Different schools of art compared

Table 1

Mughal Pahari Rajasthani/Rajput Madhubani/Mithila Manjusha/Angika Tanjore
Origin Earlier Persian blend. Became Indian under Akbar. Originated in the sub-Himalayan kingdoms of 19th century. Early 16th century. Various sub-schools existed Done traditionally by the women in the villages near the town of Madhubani. It originated as floor and wall paintings.


Essentially a folk tradition

17th century under the patronage of Tanjore’s Maratha rulers
Type Mostly in miniature form Mostly done in miniature form
Themes Document of life at the Mughal court, battles, hunt, arrival of embassies, festivities


Portrait paintings developed under Jahangir

Love of man for woman. Symbolised by Krishna and Radha Strongly influenced by the contemporary literary and musical forms, and draw upon their motifs


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Nature and Hindu religious motifs Usually portrayed deities. Vishnu,Shiva and Krishna
Exceptional Point Was originally practiced by Brahmins and Kayasthas. Later SC women also adopted it. But the themes of the two are different. While higher castes depicted mythological themes, SCs experimented with day-to-day scenes.
Characteristics Realism is the keynote of this style


Artists had made contacts with Western art. Influence can be seen.

Bold and intense – Basohli

Delicate and lyrical; Tones subdued and lines exquisitely fine – Kangra

Decorate in their composition and colour scheme


Landscape lacks the naturalism of the Mughal school


Two dimensional imagery. Colors derived from plants.


No space is left empty. Gaps are filled by painting flowers, plants animals and even geometric shapes.

Snakes are a prominent feature Artists adhered strictly to iconography as these paintings were made for ritual and worship and not for display as is mostly the case today.
Technique Used wider canvas Traditionally done as murals on mud walls. Now is also done one cloth, paper and canvas Made on jackwood pasted with unbleached cloth to which a mixture of limestone, chalk powder, gum and honey are applied in layers on a sketch of the icon. Extra coats given to raise some parts of the painting. Jewellery etc are put.
Major Artists Basawan, Daswanth, Kesudasa, Mansur Jagdamba Devi, Mahasundari Devi
Major Works Akbarnama illustrations; rare birds and animals – Falcon (CS Museum, Bombay), Red Blossoms – floral painting Jodhpur and Nagaur paintings.
Major schools Basohli, Guler, Kangra Malwa, Mewar (Ragamala paintings), Marwar, Kishangarh, Jaipur, Bundi, Kotah Bharni style, Kachni style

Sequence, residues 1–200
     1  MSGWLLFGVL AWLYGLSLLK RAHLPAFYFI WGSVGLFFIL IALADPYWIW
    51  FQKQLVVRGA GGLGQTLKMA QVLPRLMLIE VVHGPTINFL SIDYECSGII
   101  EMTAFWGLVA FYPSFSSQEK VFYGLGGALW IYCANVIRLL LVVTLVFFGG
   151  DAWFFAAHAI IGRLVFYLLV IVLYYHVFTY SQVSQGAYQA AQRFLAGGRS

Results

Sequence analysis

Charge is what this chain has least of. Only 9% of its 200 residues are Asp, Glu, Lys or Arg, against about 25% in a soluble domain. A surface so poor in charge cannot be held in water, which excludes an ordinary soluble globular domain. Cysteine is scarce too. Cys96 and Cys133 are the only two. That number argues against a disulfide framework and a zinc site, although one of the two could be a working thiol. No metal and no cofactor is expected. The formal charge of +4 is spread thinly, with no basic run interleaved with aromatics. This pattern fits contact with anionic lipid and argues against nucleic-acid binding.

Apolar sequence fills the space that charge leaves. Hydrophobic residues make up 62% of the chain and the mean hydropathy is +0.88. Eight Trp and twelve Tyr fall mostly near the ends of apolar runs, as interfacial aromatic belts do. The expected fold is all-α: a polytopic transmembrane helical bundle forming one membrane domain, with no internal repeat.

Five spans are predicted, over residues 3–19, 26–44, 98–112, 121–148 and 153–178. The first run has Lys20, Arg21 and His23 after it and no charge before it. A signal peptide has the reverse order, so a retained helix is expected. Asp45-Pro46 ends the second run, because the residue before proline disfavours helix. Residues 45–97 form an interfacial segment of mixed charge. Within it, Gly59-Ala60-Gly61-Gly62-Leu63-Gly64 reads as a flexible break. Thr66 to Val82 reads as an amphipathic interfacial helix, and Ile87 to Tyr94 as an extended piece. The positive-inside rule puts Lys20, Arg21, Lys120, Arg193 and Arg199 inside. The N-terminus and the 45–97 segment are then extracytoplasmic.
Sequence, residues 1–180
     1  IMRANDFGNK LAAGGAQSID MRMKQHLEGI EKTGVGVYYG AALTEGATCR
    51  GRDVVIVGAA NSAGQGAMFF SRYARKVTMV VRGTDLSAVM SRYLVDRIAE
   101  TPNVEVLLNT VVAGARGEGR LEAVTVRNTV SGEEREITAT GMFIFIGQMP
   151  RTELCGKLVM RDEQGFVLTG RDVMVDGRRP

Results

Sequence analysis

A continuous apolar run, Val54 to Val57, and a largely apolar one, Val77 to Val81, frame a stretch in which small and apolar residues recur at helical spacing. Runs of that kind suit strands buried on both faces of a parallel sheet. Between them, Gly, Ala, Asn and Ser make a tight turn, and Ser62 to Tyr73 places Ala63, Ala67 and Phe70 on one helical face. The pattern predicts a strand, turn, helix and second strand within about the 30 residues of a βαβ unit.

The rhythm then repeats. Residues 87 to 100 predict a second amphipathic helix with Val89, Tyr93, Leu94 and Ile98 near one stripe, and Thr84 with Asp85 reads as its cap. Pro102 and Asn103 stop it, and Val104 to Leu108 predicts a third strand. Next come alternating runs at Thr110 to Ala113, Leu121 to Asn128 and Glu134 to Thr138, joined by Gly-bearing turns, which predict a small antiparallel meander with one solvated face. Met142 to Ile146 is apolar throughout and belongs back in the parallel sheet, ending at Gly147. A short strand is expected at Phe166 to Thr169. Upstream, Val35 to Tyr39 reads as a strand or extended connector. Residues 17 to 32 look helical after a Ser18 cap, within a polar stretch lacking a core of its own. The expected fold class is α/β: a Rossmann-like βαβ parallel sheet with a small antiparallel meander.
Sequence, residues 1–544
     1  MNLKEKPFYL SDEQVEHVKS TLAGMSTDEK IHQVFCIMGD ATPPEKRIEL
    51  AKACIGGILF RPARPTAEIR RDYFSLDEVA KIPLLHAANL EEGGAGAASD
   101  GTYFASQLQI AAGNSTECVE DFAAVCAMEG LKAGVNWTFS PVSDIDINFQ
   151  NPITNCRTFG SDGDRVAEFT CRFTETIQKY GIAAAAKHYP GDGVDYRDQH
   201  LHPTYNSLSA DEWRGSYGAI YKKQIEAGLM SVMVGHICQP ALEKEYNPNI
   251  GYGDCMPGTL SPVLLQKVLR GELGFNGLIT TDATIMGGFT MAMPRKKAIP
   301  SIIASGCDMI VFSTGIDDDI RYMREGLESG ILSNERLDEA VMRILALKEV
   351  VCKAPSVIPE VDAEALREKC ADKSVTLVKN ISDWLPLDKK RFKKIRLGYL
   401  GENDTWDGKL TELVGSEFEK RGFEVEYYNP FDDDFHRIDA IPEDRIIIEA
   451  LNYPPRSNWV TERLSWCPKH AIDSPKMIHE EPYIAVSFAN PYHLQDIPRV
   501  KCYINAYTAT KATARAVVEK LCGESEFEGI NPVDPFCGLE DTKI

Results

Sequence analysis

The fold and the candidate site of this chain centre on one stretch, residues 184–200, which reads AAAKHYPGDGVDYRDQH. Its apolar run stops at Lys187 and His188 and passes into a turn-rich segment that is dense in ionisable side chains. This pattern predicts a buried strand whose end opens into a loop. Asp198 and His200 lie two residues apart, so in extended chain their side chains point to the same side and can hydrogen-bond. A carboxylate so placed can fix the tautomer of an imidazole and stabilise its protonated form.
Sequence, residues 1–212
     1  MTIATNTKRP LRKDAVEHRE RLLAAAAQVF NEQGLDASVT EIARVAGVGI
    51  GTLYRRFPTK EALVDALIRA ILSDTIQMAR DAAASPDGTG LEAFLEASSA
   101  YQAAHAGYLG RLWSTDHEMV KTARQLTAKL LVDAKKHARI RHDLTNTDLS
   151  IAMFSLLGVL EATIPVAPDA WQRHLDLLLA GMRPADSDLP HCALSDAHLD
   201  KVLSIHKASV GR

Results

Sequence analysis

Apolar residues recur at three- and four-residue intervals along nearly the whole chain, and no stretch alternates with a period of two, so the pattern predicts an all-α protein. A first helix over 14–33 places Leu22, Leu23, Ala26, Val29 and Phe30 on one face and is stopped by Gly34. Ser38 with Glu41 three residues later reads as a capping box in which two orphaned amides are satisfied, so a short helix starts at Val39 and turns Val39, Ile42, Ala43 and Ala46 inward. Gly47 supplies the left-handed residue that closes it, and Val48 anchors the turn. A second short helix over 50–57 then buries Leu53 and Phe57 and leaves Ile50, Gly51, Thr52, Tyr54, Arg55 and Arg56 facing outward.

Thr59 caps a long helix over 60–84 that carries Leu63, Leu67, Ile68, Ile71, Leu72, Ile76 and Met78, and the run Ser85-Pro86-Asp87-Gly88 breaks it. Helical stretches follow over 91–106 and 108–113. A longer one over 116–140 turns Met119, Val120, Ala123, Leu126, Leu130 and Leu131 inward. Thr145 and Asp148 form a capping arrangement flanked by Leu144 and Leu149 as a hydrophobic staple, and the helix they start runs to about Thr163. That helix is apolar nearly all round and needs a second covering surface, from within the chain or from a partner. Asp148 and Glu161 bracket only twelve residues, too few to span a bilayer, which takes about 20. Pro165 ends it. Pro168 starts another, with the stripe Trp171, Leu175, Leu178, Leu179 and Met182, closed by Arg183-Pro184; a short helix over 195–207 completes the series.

Patrons Akbar, Jahangir Raja Kripal Singh (Bahsoli) Sarabhiji 2, Shivaji 2, Mummadi Krishnaraja Wodeyar


Rajasthani Art Schools

Mewar (Ragamala)

  • themes from the life of Krishna and his frolic with the gopis; heroes and heroines of Hindi poetry.
  • Scenes from Bhagvata and Ramayana
  • Landscape lacks the naturalism of the Mughal school


  • Genuine Rajput style evolved under this school
  • Equestrian portraits of the royal house and the nobility.
  • Show bold types of expression with broad, fish eyes in human faces
  • This school is essentially Hindu


  • Raslila was painted. It became ‘an earthly erotic amusement’


Manjusha Art

  • Manjushas are temple shaped boxes containing eight pillars
  • The boxes often contain the paintings of gods, goddesses and other characters
  • The boxes are used in Bishahari Puja
  • This is practiced in the Bhagalpur region of Bihar




  • Channapatna toys
    • Wooden toys from Karnataka
  • Nirmal Toys
    • Wooden toys made in the town of Nirmal in Adilabad district
  • Tanjore doll
    • Bobblehead made of terracotta




  • Drawn using rice powder by female members in front of their home
  • Mainly in South India


  • North India. Using sand colors, flour or flowers


Other fine arts

  • Mehandi
  • Pichhwai
    • Intricate paintings that portray Lord Krishna
    • Exist in the town of nathdwara in Rajasthan
  • Tarakashi
    • A type of metalwork from Cuttack


Indian Art Awards

  • Kalaimamani
    • By Tamil Nadu Iyal Isai Nataka Manram
  • Kalidas Samman
    • Presented by the MP govt
  • Sangeet Natak Akademi Award
  • Sangeet Natak Akademi Fellowship
  • Shilp Guru
    • By GOI to a master craftsperson. Started in 2002.
  • Tulsi Samman
    • By MP govt. In fields of art, theatre, dance and music.
  • Varnashilpi Venkatappa Award
    • By Karnataka govt for excellence in painting


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